We found that from a societal perspective, screening is too expensive relative to its benefits to be offered on an annual basis to average-risk and average-health women after age 70. However, optimal intervals depend on disease biology, particularly the time from stages that are detectable preclinically to stages that present clinically with symptoms. For instance, if tumors grow more slowly in older women, with a preclinical detectable period of 6.2 years,74
then screening intervals might logically be extended from every 2 to every 3 to 5 years.
The benefits of screening older women have been noted in other studies75,76
and recent reviews of cost-effectiveness analyses have concluded that biennial screening after age 65 is generally cost-effective,77
especially in the absence of major comorbidity limiting life expectancy.78
This is very similar to our finding that cost-effectiveness is most favorable for women in the top 25% of life expectancy for their age group.
When caring for asymptomatic populations, it is important to consider the harms as well as the benefits of screening. If screening is extended from age 70 to 79, or for a lifetime, then women have an increased risk of having a false positive result.8
One way to decrease the number of false positive exams is to extend the screening interval among older women. This would decrease costs, and, if tumors are slow growing, still maintain benefits. Women who are screen detected live with cancer and treatment consequences for a longer period of time than if clinically diagnosed. If women value life as a breast cancer survivor less than life in their general health, then the cost per QALY increases and screening could result in a small loss of quality-adjusted years. If women are relieved to have their disease detected earlier through screening, even if they live longer with the knowledge of cancer, then screening will still be beneficial. Thus, women's values must be carefully weighed in all screening decisions.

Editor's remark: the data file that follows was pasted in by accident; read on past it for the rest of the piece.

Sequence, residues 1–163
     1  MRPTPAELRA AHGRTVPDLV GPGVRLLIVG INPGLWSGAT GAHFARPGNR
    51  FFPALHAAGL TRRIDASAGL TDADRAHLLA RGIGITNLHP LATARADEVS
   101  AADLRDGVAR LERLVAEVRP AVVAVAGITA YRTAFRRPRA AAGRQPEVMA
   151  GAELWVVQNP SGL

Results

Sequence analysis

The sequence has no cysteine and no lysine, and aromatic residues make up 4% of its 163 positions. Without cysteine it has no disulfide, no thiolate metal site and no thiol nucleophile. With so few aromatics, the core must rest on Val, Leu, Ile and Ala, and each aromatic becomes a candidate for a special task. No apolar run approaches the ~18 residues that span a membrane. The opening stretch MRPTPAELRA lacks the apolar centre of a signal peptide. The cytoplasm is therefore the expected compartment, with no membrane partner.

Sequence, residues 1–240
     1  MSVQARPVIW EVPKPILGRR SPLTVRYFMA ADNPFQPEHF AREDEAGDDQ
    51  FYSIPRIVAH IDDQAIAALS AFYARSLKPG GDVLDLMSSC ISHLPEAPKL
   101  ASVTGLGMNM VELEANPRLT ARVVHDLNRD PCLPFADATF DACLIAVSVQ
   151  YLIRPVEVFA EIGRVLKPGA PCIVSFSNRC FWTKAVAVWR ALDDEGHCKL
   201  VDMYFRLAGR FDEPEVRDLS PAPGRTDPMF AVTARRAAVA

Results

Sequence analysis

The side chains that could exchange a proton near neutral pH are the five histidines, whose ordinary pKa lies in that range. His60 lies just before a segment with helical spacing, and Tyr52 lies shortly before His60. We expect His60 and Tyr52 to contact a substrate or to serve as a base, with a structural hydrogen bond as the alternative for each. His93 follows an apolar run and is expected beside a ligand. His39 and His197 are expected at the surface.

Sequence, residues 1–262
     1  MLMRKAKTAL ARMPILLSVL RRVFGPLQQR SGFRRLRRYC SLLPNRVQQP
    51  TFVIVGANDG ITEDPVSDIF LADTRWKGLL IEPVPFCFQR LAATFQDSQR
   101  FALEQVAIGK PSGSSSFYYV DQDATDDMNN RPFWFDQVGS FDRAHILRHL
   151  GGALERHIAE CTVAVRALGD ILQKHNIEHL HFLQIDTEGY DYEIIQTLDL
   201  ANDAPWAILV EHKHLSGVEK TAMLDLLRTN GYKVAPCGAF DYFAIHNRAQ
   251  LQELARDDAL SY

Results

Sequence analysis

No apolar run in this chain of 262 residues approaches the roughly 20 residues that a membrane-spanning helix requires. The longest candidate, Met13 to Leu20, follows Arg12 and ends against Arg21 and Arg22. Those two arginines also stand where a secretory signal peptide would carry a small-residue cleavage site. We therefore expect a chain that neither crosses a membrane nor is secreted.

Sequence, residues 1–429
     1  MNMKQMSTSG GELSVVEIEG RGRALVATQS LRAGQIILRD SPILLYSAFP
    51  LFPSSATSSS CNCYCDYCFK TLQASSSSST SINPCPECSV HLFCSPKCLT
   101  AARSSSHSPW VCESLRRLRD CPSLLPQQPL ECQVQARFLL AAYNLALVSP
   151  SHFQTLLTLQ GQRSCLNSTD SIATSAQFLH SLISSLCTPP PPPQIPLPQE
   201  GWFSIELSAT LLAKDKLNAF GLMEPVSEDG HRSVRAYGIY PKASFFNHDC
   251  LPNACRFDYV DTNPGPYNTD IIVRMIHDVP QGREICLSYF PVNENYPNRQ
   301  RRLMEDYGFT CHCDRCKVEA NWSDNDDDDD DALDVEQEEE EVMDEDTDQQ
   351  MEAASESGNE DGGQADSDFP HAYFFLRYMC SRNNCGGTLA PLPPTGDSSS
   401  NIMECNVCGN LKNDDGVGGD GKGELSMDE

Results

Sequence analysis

Our analysis has several important strengths, including use of current standards for cost-effectiveness analyses,24
developing a paradigm for basing decisions on physiological as opposed to chronological age, estimation of age-specific tumor biology, a robust model, and assessment of the impact of uncertain parameters.
Despite these strengths, there are several issues that should be considered when interpreting our results. First, we used life expectancy corresponding to quartiles of health and age to measure the probability of death as a proxy for physiological age. Clearly, data that link direct measurement of physiological reserve to clinical assessments of health status and life expectancy would be invaluable in individual decision making. In the interim, using life expectancy based on individual health conditions or self-reported health, rather than average U.S. age-specific life expectancies, may be a better indicator than age per se for use in clinical practice.